Regina man left with 'huge blisters' after run-in with wild parsnip
Wild parsnip can cause burns and potentially even blindness
Warning: This story contains an image that may be disturbing to some readers.
Mark Wilson never liked eating parsnips. Now an encounter with a wild parsnip has given him an extra reason to dislike the species.
The Regina man wasn't aware of the threat posed by wild parsnip when he went hiking in Qu'Appelle Valley near Last Mountain Lake last week. He was going through some tall bush when he brushed against wild parsnip.
A couple of days later, his legs broke out in a bad rash, which he said looked like a bad infection.
"The next day it started blistering, just huge blisters all over the bottom part of my leg," he said. "It gets kinda gross after that, but it kind of oozes for a couple days. And now it's finally starting to dry up."
His doctor didn't recognize the injury, but gave him antibiotics and anti-itch cream.
He later found out the plant makes skin sensitive to sunlight. He said he wished he had known earlier and kept his leg out of the sun.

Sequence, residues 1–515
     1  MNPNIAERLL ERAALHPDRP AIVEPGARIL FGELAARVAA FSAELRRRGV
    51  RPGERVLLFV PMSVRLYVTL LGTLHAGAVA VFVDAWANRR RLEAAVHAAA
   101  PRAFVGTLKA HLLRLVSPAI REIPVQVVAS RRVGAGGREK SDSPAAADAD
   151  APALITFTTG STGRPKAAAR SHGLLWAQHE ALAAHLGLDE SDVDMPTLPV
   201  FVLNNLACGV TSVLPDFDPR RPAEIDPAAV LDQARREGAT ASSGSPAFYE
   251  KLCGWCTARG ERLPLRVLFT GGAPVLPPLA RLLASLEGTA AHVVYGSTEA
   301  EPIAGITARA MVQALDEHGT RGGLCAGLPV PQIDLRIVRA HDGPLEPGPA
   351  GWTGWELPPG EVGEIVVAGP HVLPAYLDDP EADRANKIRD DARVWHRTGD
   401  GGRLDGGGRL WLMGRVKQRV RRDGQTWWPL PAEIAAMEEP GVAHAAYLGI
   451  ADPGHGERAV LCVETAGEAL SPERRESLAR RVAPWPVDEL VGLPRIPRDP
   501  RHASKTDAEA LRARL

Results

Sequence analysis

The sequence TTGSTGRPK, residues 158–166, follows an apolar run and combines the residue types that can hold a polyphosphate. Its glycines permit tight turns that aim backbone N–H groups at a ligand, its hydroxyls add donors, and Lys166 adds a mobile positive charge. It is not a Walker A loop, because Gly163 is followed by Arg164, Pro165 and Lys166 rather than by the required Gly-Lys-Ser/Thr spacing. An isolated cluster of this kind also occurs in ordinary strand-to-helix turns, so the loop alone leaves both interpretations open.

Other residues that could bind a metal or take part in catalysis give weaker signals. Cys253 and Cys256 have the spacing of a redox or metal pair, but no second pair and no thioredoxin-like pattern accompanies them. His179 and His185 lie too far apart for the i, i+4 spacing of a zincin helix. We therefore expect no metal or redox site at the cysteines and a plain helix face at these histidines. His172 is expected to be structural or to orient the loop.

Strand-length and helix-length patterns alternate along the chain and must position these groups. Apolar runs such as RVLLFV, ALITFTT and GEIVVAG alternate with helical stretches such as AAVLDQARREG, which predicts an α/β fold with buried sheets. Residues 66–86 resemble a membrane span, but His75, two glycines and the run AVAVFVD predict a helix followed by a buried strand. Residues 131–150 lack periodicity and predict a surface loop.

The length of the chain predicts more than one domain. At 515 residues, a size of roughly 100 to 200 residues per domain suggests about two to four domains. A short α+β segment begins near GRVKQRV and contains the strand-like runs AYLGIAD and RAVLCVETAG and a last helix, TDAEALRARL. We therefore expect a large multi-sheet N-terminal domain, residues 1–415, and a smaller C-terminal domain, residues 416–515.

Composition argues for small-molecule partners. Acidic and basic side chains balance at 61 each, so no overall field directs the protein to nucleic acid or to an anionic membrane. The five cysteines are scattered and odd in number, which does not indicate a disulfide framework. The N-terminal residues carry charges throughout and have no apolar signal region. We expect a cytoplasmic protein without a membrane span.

Chet Neufeld, vice-chair of the Saskatchewan Invasive Species Council, told CBC Saskatchewan's The Morning Edition the reaction is basically a "horrible sunburn," and can even potentially lead to blindness.
"The insidious thing about this is that it doesn't hurt right away," Neufeld said. "It's not like stinging nettle, where you feel that immediate burn. It works a little more slowly on your skin."
He advises people to exercise extreme caution around the weed. If you come across it in rural areas or towns or cities, contact the RM or city office. If you find it along the highway or in a regional or provincial park, contact the Ministry of Highways or the park office.
If you know you've been exposed, wash the area immediately and go seek medical attention. The clothing you were wearing should be washed as well.
'The potential to take over'
Wild parsnip has been around for awhile, but it is spreading, Neufeld said.
"There's really not a populated part of the province that couldn't have it," he said. "It has the potential to take over."
There are hotspots around Ness Creek, Kipling, and this year, Weyburn. Neufeld said people may see the invasive species as they travel down Highway 11 between Saskatoon and Prince Albert, as well as in the ditch south of Duck Lake.
Knowing what he knows now, Wilson said he'll wear long pants to be on the safe side when going into deep bush in Saskatchewan and suggests others do the same.
"Make sure if you do come into contact with it get out of the sun as soon as possible and make sure you shower it off and soak it up as well as you can."
With files from Nichole Huck and CBC Saskatchewan's The Morning Edition